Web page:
Kelly Mordock
April 2, 1997
Professor: Dr. Cris Guenter
EDTE 229B - 02 Arts Methods

Grade Level: K-1

Time Frame: 30 minutes

TOPIC: Visual arts lesson focusing on a color wheel of the primary and
secondary colors, constructed by the students.

Artistic Perception: Each student will identify the primary and
secondary colors. Each student will construct a color wheel, using Play
Doh in the three primary colors.

RATIONALE: The visual arts reflect an understanding of visual
characteristics in our environment. The construction of a color wheel
allows students an opportunity to discover the relationship between
colors, and make connections to objects that surround them in their

STRATEGY:A combination of direct instruction and guided discovery will
be used.

VOCABULARY: Primary color, Secondary color, Combine
- Primary color - pigment or paint that imparts a yellow, red, or
blue hue.
- Secondary color - pigment or paint hue that results from
combining equal parts from two different primary colors,
resulting in green, purple, and orange.
- Combine - to mix or blend into one.

INTRODUCTION: Display a yellow piece of paper, and ask the students what
color they think they see. After the correct response has been
determined, flip the piece of paper over to reveal the word "yellow".
Display the paper at the front of the classroom, easily locatable. Repeat
this process with blue and red. Present the color wheel worksheet
pointing out red, blue, and yellow. Identify these as primary colors.
Ask the students how they think the colors green, orange, and purple will
be made. Identify these as secondary colors. Repeat the process of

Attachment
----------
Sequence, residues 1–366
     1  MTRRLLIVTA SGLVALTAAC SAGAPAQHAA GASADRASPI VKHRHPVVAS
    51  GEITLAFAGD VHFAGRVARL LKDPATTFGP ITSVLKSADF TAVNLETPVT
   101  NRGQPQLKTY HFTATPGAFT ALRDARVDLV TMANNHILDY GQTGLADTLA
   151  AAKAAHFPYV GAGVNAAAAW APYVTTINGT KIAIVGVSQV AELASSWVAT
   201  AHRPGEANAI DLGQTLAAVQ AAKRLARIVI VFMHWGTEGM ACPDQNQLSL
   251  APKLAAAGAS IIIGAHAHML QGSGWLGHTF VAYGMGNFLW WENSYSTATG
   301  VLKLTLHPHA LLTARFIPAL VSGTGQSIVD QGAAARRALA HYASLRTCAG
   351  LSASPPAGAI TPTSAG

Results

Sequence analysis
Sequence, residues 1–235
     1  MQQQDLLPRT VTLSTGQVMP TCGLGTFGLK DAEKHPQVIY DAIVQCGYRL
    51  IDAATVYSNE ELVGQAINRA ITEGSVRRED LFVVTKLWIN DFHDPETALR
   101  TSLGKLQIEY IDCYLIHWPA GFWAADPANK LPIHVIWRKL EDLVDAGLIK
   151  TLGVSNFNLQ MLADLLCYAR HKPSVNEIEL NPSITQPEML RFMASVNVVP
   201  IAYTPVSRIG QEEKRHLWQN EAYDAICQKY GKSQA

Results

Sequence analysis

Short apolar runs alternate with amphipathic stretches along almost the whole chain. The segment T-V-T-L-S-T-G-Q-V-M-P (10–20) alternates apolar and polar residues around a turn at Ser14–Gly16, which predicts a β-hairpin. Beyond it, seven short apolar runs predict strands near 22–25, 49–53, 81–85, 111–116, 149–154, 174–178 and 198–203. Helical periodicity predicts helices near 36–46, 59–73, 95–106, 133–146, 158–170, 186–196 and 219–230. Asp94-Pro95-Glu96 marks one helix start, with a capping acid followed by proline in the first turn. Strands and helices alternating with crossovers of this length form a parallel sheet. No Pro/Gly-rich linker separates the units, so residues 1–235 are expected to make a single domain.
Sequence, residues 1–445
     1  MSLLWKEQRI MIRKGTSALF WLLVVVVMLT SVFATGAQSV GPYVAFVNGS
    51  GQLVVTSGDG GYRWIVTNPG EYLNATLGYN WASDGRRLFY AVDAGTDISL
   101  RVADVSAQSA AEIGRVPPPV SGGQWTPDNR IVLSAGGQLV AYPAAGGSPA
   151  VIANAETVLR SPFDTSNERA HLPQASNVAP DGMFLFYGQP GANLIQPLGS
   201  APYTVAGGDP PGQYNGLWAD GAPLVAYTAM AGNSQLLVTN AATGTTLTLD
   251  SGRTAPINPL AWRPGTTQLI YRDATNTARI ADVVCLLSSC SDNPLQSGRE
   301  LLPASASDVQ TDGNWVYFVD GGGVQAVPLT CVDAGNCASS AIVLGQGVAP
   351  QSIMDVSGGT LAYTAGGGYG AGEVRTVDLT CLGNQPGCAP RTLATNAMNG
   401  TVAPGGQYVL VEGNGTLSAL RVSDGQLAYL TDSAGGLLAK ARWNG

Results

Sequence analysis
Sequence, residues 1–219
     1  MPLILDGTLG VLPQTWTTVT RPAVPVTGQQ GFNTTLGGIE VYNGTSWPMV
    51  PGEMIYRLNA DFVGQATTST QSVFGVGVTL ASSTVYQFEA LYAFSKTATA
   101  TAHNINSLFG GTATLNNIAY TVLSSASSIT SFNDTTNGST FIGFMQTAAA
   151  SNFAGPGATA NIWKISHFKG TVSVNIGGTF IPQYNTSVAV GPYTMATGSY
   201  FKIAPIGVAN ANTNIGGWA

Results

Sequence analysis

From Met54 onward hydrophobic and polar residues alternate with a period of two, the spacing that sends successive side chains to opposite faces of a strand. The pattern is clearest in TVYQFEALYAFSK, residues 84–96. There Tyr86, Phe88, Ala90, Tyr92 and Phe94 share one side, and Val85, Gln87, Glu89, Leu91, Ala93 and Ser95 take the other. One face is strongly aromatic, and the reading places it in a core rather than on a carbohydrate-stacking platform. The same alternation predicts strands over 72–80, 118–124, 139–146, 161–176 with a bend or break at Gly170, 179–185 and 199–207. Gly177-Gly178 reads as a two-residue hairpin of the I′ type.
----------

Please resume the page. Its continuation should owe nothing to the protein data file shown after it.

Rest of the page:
displaying a piece of paper, and asking the students to identify its

1. Demonstrate how the students will split each color into three
equal pieces.
2. Give each student one small piece of red, yellow, and blue Play
Doh (about the size of a cherry tomato).
3. Hand out one color wheel worksheet to each student.
4. Direct the students to press one piece of yellow Play Doh onto the
worksheet, above the word "yellow". Repeat with blue and red Play
Doh pieces.
5. Ask the students to take one piece of yellow and one piece of blue
and squeeze it together until a new color forms. Do not tell the
students what will happen; allow them to discover the process on
their own. Ask them to press the new color (green) above the word
"green" on the color wheel.
6. Complete the rest of the color wheel by combining red and yellow
to make orange, and blue and red to make purple.
7. Allow Play Doh to dry for one or two days before students take
their color wheels home.

CLOSURE: Once the color wheels are complete, review the names of the
colors by pointing to each name and asking for a group response. Ask what
two colors make-up green? orange? purple? Ask what three colors are
called primary colors? secondary colors?

EVALUATION: The students will individually be asked to name the primary
and secondary colors. The teacher will visually check completed color
wheels for the correct placement of all Play Doh colors.

- Color wheel worksheets
- One container each of red, yellow, and blue Play Doh (for 25
- One piece of construction paper in red, yellow, blue, orange,
purple, and green. Label each piece of paper with proper its
proper name.

CLEAN-UP: Collect color wheels when students have completed them. Wipe down tables.

- Mix colored water together.
- Read Dr. Seuss' My Many Colored Days book

- Take a walk out to the playground and identify all primary and
secondary colors seen along the way.

REFERENCE: Lynn, Lois Ann. Mixing Primary - Secondary Colors. Internet